Landsborough Museum

Landsborough Museum - Temporary closure - 12, 17 & 18 April

Mangroves - the superstars of our coastline

Explore our coastline by learning about the Orange Mangrove Seed.

Mangroves - the superstars of our coastline

You may often come across, the humble Orange Mangrove Seed washed ashore along the tideline.

The two parts can either be seen together (as in the image above) or separated. 

The red and yellow spiky part is the ‘fruit’, with the elongated green seed (or propagule) below. Both turn brown when dried in the sun. 

Around 35 mangrove species (and three hybrids) are known to occur in Queensland. 

Mangrove species like to live in brackish salty water (like estuaries, river mouths, and high tide areas). Because of this some salt is taken up by the roots. To remove it, the mangrove accumulates this salt in its leaves, that then grow old and fall from the plant.

Historically, mangroves were portrayed as having little value and being little more than muddy, mosquito infested swamps that need to be cleared. In the past their removal was seen as a sign of progress. Vast tracts of mangroves across the world have been destroyed as they were perceived as useless, or in the way of development, but nothing could be further from the truth.

Why mangroves are superstars in the coastal space.


  • are an essential food source for animals and other organisms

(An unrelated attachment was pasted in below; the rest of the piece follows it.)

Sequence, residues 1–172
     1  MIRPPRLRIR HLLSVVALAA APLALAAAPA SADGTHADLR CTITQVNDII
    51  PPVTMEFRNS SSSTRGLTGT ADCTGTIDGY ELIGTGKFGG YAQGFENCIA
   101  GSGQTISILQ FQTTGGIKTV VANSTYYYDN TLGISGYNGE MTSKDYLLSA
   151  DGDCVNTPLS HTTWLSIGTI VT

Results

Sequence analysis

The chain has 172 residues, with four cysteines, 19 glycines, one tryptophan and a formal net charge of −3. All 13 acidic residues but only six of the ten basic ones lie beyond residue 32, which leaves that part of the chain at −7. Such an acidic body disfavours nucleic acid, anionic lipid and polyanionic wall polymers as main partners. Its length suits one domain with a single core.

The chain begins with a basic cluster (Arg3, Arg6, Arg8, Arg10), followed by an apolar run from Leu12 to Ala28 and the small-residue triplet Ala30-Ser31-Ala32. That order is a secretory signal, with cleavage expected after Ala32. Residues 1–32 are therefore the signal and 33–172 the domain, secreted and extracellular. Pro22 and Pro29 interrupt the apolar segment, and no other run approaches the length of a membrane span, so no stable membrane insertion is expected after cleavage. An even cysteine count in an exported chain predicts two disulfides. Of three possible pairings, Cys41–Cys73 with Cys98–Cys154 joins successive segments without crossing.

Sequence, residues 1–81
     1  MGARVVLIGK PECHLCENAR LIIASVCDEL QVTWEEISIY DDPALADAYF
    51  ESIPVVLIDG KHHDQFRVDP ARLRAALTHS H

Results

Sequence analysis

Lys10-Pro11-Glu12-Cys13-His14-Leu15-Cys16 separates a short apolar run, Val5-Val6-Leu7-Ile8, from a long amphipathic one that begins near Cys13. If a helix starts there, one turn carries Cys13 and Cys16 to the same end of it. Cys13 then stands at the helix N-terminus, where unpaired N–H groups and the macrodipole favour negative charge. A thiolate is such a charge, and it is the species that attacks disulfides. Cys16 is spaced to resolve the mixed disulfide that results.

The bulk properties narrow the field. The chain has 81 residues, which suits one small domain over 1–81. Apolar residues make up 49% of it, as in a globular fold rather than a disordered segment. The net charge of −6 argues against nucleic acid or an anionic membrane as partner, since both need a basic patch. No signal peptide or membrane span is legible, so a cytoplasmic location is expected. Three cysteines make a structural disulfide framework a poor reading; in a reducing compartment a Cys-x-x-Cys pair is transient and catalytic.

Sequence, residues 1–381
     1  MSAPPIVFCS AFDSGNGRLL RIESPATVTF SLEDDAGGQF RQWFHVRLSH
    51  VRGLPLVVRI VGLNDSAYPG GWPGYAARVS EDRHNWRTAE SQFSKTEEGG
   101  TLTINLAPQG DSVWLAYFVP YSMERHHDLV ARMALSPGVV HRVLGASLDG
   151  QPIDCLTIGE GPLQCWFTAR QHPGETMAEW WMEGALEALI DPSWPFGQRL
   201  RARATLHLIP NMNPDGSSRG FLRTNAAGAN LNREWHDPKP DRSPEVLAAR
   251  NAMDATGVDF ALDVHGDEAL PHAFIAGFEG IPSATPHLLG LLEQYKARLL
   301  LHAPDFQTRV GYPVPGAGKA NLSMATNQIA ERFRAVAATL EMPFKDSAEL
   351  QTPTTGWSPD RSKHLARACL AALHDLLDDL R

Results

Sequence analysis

• protect the coastline by absorbing the energy of storm driven waves and wind (natural erosion control) 
  • stabilise the seabed and shore (‘soft engineering’) 
  • improve water quality by trapping sediment 
  • provide habitat (and nursing grounds) for many species
  • help to absorb carbon from the atmosphere.

More on the Orange Mangrove

The orange mangrove likes to live in firm, well drained, muddy soils that experience only a few high tides each month (think the upper tidal reaches of rivers, Yandina Creek Wetlands and the Blue Heart). 

It is often the most landward of mangrove species.

After flowering, the fruit and propagule appear on the plant between August and February. The seeds are dropped, and float on the current and tide until they are washed ashore where they will hopefully take hold, root, and grow. 

If you see these seeds on the beach, please leave them alone as if it's not a suitable location to grow, the next tide will likely float them out and up the coast via ‘longshore drift’. 

Love where we live and co-exist with nature in our wildlife friendly biosphere with these tips:

  • stay on the designated walkway and out of the dunes and bush
  • keep your dogs on a lead and pick up after them
  • bin your rubbish to keep our Sunshine Coast clean and litter free.

This article Mangroves - the superstars of our coastline has been supplied from the OurSC website and has been published here with permission.